His talent as a producer and director covered many genres and carried him around the world. He filmed extensively in Canada and South Africa. On one trip through Huntsville he told friends he was on his way to Thailand, to save a floundering film project there. He left Thailand only hours before the deadly Tsunami devastated the landscape where cameras had been rolling only a day earlier.

His work as producer and director included "King Solomon's Mines" "A Place Called Home," "Hotwire," "Mysterious   Island," "Arthur Hailey's Detective," "Night of the Wolf," and "Love Comes Softly." A low-budget horror film that Dobbs and several friends made long before he trekked to Hollywood, "Enter the Devil," has become an international cult classic.

However, Dobbs' heart always lay with Westerns. For decades, Alamo Village in Brackettville and the high mountain range touching Lajitas and surrounding Big Bend National Park were his personal sound stage. His "Houston: the Legend of Texas," won the Wrangler Trophy for creating, co-writing and producing the CBS special about Texas hero Sam Houston.

"Rio Diablo," was honored as the top rated television movie for CBS in 1993. Dobbs' script for "Gambler V: Playing for Keeps" earned a place in the Motion Picture Hall of Fame.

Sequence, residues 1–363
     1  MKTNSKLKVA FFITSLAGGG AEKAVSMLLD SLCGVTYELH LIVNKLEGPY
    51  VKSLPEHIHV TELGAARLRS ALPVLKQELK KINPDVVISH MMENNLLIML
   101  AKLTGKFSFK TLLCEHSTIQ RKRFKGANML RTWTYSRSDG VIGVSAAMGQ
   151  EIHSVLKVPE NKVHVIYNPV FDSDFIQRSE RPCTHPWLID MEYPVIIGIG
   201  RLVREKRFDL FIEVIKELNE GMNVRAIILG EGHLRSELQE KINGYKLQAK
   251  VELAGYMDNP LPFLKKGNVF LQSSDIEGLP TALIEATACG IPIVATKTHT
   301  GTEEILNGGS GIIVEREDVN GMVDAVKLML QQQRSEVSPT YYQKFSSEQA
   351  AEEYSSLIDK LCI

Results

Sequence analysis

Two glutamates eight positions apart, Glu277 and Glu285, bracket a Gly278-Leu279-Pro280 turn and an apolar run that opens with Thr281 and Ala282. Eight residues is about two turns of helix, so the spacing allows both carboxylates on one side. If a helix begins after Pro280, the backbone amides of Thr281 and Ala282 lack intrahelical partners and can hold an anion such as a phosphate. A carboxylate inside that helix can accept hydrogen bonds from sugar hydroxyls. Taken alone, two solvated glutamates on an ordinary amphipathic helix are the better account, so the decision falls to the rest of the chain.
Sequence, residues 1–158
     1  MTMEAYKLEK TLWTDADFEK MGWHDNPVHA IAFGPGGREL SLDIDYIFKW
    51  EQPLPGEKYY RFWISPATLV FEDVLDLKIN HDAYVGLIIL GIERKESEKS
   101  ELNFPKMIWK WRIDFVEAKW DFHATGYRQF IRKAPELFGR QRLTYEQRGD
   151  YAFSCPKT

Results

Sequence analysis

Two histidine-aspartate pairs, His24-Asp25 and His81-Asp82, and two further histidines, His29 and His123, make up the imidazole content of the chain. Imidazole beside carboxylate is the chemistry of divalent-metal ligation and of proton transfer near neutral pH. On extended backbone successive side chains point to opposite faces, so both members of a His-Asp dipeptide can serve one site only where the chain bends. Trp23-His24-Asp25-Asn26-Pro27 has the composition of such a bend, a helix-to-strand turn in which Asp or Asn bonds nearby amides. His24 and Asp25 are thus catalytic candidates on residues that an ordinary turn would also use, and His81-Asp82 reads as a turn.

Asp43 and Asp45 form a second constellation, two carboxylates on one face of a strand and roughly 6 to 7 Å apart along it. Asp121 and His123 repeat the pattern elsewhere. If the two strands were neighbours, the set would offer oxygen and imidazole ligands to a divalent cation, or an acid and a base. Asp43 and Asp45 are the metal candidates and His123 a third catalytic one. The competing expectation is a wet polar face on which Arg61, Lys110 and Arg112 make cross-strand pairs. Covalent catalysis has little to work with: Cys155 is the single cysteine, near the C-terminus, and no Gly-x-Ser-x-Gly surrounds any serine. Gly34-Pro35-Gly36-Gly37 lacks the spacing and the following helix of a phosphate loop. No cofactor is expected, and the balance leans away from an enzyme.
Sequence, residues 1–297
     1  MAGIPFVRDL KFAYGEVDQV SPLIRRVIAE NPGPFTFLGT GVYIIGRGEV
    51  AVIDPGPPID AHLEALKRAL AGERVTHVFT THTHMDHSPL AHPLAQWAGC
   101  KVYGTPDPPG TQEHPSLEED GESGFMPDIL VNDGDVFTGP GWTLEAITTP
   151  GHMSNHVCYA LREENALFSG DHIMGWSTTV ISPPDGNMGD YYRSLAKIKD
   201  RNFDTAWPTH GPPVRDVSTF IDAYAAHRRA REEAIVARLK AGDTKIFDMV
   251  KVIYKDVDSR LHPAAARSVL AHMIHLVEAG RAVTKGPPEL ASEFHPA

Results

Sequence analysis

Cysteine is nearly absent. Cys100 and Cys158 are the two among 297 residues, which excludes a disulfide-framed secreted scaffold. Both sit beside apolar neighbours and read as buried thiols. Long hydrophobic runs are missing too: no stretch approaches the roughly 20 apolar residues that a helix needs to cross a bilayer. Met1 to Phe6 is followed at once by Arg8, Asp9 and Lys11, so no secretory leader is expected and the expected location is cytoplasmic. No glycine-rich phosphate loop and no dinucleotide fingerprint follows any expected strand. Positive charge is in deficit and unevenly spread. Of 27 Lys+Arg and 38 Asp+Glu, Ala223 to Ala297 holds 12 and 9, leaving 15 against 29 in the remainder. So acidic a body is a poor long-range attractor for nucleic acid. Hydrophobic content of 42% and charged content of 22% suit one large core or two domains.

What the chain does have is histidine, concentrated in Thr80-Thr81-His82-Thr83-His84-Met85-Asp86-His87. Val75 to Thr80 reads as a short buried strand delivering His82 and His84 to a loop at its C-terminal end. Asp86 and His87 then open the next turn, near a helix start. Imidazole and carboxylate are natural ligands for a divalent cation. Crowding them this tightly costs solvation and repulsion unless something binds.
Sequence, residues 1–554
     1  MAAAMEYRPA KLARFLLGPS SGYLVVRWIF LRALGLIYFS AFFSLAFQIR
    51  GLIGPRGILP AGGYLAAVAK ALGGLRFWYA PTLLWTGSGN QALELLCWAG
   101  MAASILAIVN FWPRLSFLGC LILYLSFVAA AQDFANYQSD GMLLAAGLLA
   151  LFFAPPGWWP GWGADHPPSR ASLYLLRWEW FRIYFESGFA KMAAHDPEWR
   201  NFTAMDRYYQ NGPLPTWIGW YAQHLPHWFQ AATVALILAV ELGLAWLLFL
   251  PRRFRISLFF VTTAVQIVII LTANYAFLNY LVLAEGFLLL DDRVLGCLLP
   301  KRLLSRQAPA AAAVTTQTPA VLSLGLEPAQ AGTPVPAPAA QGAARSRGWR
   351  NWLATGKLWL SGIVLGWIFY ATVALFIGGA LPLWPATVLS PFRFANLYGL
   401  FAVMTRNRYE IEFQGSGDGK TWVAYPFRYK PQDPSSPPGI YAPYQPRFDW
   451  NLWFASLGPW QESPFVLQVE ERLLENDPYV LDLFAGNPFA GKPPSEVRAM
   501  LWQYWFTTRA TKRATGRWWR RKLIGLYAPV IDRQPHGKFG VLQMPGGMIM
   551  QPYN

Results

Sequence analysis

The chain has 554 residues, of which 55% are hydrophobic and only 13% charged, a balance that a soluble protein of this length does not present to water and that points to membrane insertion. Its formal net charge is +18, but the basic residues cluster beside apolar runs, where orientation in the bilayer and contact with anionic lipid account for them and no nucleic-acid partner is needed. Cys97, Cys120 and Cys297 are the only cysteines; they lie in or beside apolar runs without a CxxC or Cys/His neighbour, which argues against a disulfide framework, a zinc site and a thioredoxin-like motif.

Due to the success of the Kenny Rogers series, Dobbs was asked to co-author two books on the Gambler character, "Jokers Are Wild" and "Dead Man's Walk."

Dobbs served as producer for two films written and developed by Larry McMurtry, "Streets of Laredo" and "Dead Man's Walk" for Hallmark Worldwide. He was also a producer for "The Last Cowboy," "Johnson County War," "Texas Rangers," "Rough Riders" and "The Legend of Billy the Kid."

He wrote the screenplay for "Hard Ground," "The Magnificent Seven" television series and "Smokey and the Good Time Outlaws." And he both wrote and directed "Uphill All the Way."

Dobbs was a member of the Director's Guild of America, the Writer's Guild of America, Motion Picture Producers of Texas and the American Film Institute.

Thousands throughout the state, national and international film industry knew him, and respected the hard work, the creativity and the professionalism he brought to his craft. For so many, Dobbs was the one who guided them during their early, turbulent years within the industry.

His films and achievements notwithstanding, Dobbs said he was more proud of those he had trained and mentored, many from Texas, watching them become successful writers, producers, directors, film editors, sound technicians and cinematographers in their own right.

In 1989 he was presented the Distinguished Alumni Award by Sam Houston State University. Contributions to the Frank Q. Dobbs Mass Communications Memorial Scholarship Fund may be made to: Office of University Advancement; SHSU Box 2537; Huntsville, TX 77341.         

Dobbs is survived by his daughter, Holly Dobbs Arnold; son-in-law, Johnny Arnold; brother, Ronald Dobbs; nieces, Kristi Bumpass and Erin Sullivan; nephew, David Dobbs; and many friends. A memorial service is planned in March.


SHSU Media Contact: Frank Krystyniak
Feb. 20, 2006
Please send comments, corrections, news tips to

This page maintained by SHSU's Office of Public Relations
Director: Frank Krystyniak
Assistant Director: Julia May
Writer: Jennifer Gauntt
Located in the 115 Administration Building
Telephone: 936.294.1836; Fax: 936.294.1834